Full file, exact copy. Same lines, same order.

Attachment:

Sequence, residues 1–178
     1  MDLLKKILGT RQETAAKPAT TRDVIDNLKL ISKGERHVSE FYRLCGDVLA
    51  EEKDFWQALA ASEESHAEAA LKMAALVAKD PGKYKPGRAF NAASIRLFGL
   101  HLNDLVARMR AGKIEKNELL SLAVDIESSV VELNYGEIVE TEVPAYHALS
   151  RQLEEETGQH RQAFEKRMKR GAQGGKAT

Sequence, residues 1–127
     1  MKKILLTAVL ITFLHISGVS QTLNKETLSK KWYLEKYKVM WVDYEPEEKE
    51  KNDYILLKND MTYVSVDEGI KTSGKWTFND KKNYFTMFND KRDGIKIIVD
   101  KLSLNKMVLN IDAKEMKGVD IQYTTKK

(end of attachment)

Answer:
Sequence, residues 1–178
     1  MDLLKKILGT RQETAAKPAT TRDVIDNLKL ISKGERHVSE FYRLCGDVLA
    51  EEKDFWQALA ASEESHAEAA LKMAALVAKD PGKYKPGRAF NAASIRLFGL
   101  HLNDLVARMR AGKIEKNELL SLAVDIESSV VELNYGEIVE TEVPAYHALS
   151  RQLEEETGQH RQAFEKRMKR GAQGGKAT

Sequence, residues 1–127
     1  MKKILLTAVL ITFLHISGVS QTLNKETLSK KWYLEKYKVM WVDYEPEEKE
    51  KNDYILLKND MTYVSVDEGI KTSGKWTFND KKNYFTMFND KRDGIKIIVD
   101  KLSLNKMVLN IDAKEMKGVD IQYTTKK